In light of the Central Government’s aim to streamline processes and promote ease of doing business in India to give a fillip to the economy as a whole, the Central Government has introduced the Companies (Amendment) Bill, 2020 (“Bill”) before the Lok Sabha on the 17th of March, 2020. The Bill is based on the recommendations of the Company Law Committee Report of November 2019 (“CLC Report”) which had proposed de-criminalization of minor procedural or technical offences under the Companies Act, 2013 (“Act”) to enable ease of doing business for corporates and other stakeholders. The Bill shall come into force on such date as the Central Government may notify.

 

The key amendments proposed via the Bill to the provisions of the Act can be classified into the following categories:

 

  1. De-criminalization of Offences: The Bill aims to decriminalize certain offences under the Act. The intent is to cover offences which can be determined objectively, and which otherwise lack any element of fraud, or do not involve larger public interest like keeping of books of account of the company other than at its registered office or at any other place in India without board’s approval or disclosure of interest in other companies by director at the first meeting of the board in every financial year or change in interest thereafter. Furthermore, the Bill proposes an in-house adjudication framework for certain offences and reduces/ removes imprisonment sentences and penalties for several offences such as penalties which apply for any change in the rights of a class of shareholders made in violation of the Act. What is crucial to note is that certain compoundable offences, will no longer have imprisonment as a consequence, which in the opinion of most experts was quite draconian. Similarly, lesser monetary penalties are proposed for one person companies, small companies, start-ups, and producer companies.

 

  1. Ease of Doing Business: For the ease of doing business, certain amendments to the Act have been proposed in the Bill. Illustratively, reduced timelines are proposed for applying for rights issues so as to speed up such issuances under Section 62 of the Act. Similarly, exemptions are proposed to registered NBFCs and Housing Finance Companies from filing resolutions under Section 117 (Resolutions and agreements as prescribed under the Act to be filed with registrar within 30 days of passing or making thereof) of the Act. The Bill also proposes that certain specified classes of unlisted companies (which will be notified later on by government) shall prepare and file their periodical financial results within specified periods with the registrar. A new Section 393A is proposed to be included in the Act to empower the Central Government to exempt foreign companies and companies incorporated outside India, from the provisions under Chapter XXII of the Act (which deals with companies incorporated outside India), which would be a welcome step by such entities.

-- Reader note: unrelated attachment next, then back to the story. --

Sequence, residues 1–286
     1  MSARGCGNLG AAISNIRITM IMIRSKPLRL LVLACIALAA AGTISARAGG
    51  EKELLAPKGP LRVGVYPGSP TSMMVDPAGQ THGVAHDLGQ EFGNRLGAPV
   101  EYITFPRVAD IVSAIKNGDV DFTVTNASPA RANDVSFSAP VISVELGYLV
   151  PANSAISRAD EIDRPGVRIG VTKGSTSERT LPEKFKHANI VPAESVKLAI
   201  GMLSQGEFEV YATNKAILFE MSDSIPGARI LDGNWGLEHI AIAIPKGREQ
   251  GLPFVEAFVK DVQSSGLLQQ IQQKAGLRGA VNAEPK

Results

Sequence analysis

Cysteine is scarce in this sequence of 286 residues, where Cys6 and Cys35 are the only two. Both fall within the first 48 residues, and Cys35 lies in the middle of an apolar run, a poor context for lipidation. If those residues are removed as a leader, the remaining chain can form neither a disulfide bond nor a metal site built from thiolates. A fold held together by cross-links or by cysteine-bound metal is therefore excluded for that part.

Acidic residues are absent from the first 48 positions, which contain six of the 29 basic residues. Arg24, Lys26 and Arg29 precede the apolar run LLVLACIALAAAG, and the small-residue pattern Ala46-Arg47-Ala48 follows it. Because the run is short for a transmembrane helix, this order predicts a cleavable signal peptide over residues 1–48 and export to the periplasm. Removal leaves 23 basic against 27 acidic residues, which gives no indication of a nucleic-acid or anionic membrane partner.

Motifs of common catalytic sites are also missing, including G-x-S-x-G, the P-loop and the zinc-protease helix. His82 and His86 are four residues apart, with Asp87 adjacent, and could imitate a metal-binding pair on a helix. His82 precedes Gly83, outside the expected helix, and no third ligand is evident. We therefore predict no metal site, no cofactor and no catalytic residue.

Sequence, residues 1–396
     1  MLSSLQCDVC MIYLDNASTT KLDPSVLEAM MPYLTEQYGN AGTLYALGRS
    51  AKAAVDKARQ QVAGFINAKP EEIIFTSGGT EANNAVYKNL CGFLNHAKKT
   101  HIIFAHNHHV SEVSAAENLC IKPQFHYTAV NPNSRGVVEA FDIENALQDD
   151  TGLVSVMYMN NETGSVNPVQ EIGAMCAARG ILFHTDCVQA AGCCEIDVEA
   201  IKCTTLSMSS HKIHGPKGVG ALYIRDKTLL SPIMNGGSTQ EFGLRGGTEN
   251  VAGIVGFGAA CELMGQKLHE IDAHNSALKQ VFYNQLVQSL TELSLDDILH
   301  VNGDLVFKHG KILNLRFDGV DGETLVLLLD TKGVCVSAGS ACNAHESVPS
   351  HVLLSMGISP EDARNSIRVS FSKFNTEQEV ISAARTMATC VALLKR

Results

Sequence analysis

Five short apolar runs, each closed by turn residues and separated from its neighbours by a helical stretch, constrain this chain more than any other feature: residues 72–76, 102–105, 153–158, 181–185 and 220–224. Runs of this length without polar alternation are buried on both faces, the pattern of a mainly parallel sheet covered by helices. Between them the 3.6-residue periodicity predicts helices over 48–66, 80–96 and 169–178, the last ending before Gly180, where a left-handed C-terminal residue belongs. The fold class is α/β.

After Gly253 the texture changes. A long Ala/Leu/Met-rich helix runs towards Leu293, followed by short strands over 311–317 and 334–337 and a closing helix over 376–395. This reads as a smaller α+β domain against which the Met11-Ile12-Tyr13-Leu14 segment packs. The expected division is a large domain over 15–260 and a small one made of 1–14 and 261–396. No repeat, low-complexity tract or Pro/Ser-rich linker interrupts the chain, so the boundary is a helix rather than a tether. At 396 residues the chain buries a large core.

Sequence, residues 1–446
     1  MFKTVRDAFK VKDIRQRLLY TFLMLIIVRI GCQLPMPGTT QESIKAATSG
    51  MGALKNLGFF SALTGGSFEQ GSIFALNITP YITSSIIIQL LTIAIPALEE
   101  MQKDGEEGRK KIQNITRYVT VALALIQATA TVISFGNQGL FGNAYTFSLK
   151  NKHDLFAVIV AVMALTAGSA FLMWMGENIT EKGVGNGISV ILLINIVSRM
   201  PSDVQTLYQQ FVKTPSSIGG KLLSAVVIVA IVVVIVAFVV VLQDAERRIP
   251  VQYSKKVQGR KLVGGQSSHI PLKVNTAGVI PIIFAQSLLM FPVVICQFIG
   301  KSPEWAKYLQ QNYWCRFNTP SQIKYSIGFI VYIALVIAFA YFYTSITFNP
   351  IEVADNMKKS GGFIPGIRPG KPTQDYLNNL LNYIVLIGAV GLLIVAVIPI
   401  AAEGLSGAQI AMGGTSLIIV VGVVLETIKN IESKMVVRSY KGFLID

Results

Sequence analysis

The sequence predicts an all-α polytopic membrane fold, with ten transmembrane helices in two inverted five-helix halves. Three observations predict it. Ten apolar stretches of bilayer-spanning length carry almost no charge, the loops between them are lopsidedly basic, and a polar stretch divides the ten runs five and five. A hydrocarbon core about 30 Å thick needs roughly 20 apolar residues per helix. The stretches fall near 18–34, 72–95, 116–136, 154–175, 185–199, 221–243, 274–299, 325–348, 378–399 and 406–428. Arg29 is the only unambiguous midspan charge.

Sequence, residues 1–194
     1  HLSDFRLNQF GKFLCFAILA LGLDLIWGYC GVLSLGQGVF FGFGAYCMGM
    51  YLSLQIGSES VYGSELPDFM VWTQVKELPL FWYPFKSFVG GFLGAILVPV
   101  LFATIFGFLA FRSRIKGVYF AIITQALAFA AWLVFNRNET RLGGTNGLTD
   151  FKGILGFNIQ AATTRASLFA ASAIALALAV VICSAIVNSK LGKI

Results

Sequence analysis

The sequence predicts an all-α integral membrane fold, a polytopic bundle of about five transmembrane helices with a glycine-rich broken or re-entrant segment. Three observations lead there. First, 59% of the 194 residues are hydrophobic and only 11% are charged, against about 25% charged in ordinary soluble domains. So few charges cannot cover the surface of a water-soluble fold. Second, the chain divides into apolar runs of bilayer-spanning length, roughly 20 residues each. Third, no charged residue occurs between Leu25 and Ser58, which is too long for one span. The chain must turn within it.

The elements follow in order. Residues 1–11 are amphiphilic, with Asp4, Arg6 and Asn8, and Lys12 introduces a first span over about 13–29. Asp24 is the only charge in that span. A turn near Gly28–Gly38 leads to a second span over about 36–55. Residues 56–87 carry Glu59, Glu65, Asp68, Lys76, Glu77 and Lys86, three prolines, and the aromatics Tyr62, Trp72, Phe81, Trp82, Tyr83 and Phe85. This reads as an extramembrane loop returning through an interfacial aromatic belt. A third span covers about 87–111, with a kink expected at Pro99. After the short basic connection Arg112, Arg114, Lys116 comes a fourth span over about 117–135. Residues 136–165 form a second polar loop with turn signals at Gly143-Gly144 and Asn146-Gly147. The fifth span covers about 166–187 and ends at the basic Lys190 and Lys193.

1. Renumeration to Non-Executive and Independent Directors: A new provision is proposed to be inserted due to which a Company, which has no profits or if the profits are inadequate, shall be able to provide remuneration, exclusive of any fees payable under Section 197, in accordance with the provisions of Schedule V, to an independent director . Further, Section 197(3) of the Act, which provides for payment of remuneration to key managerial personnel in case of no profit or inadequate profits in accordance with Schedule V of the Act, is proposed to be amended to include Non-executive and Independent Directors within its ambit as well wherein non-executive directors including independent directors may receive remuneration irrespective of no profits or inadequate profits in the company. This should act as incentive for qualified individuals to act as independent directors, hence enriching the ecosystem.

 

  1. Definition of ‘Listed Company’: The CLC Report explained that private companies that offer debt securities (such as NCDs) via private placement come within the definition of listed companies under the SEBI (Issue and Listing of Debt Securities) Regulations, 2008 and SEBI (Issue and Listing of Non-Convertible Redeemable Preference Shares) Regulations, 2013. Consequently, a private company that lists any debt securities on a stock exchange is required to comply with all the obligations of a listed company such as filing of annual returns, maintenance of records, and appointment of auditors, which are quite onerous for a private limited company. The Bill now proposes to empower the Central Government to exclude, in consultation with SEBI, certain classes of companies from the definition of ‘listed company’, mainly for listing of debt securities.